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Groups As Mixed-Motive Negotiations

NCJ Number
M H Bazerman; E A Mannix; L L Thompson
Date Published
41 pages
Group negotiation is a decisionmaking process in which three or more persons, representing their own interests, make decisions to resolve conflicting preferences.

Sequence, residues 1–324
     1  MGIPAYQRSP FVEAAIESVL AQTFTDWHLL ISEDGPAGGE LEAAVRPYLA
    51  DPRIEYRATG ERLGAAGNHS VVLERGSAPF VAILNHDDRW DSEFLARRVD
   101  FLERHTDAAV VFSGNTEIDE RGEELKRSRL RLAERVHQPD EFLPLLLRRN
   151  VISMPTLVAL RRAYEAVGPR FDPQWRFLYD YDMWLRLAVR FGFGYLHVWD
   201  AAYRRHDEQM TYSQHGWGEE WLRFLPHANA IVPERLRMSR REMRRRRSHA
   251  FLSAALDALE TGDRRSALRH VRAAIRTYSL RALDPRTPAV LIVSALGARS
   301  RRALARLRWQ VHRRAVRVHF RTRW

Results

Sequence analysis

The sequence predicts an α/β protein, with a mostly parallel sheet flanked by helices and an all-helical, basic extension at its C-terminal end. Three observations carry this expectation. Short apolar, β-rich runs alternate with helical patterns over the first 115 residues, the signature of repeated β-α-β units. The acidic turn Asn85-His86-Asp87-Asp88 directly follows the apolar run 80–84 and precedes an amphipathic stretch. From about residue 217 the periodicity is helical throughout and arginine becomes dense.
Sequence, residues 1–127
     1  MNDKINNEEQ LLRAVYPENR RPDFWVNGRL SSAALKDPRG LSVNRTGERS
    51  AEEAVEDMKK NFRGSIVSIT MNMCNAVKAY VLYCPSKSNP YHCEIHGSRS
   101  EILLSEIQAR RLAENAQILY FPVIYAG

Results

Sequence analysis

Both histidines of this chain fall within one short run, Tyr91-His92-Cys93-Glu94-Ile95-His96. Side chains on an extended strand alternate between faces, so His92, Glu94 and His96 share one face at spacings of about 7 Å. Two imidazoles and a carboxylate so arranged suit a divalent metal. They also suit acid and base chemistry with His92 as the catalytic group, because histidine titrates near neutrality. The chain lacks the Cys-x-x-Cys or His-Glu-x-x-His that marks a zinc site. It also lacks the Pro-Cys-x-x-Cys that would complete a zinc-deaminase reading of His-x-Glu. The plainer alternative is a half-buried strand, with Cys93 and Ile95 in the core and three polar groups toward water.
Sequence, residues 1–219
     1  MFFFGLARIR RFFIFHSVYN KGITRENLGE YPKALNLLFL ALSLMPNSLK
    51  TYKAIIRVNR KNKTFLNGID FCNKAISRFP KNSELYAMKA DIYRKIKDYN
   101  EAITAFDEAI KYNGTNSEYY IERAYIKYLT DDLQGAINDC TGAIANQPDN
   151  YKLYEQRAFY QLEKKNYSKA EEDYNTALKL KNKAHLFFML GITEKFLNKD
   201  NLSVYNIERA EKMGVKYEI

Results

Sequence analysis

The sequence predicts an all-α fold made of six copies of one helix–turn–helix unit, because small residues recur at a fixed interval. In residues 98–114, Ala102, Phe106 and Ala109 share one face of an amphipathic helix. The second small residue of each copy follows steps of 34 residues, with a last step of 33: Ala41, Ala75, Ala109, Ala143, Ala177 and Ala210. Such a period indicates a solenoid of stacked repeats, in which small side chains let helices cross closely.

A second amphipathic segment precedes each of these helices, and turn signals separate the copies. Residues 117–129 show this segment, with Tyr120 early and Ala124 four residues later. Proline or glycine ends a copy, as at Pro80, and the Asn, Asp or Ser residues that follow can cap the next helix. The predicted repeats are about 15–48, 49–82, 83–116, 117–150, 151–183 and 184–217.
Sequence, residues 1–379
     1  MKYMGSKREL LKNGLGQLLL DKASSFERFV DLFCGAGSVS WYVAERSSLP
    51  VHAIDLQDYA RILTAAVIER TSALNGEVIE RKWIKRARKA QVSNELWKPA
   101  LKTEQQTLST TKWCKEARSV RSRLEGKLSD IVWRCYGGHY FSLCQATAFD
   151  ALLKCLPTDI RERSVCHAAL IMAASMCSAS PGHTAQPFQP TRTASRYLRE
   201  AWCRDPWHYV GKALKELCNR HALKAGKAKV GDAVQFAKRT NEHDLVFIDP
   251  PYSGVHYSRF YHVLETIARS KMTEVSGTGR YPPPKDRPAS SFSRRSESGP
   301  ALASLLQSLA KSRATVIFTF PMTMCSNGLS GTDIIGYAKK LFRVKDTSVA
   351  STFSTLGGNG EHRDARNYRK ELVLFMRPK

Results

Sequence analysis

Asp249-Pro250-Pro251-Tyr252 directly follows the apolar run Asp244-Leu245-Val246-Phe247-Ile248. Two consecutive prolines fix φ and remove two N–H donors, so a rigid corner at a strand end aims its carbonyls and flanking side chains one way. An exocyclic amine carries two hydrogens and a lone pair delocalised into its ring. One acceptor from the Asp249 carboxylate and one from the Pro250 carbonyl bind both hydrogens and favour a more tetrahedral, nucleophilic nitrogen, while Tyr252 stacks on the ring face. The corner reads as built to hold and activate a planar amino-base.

There are three factors distinguishing group negotiation from two-party negotiation: increased information processing demands, the necessity for social decision rules, and more complex interpersonal processes. A mixed-motive conceptualization of group decisionmaking was developed and argues that group decisionmaking includes both competitive and problemsolving aspects. The distributive and integrative tasks of negotiation in groups is discussed. Two judgment biases that limit the quality of negotiated agreements are examined: the mythical fixed pie and the tendency to ignore the cognitions of others. Existing prescriptions in this literature are evaluated for improving group decisionmaking from a mixed-motive perspective. It is argued that group decisionmaking procedures that facilitate discussion in purely cooperative tasks and provide structure in purely competitive tasks may hinder the discovery of integrative solutions in mixed motive groups. Approximately 90 references. (Author abstract modified)


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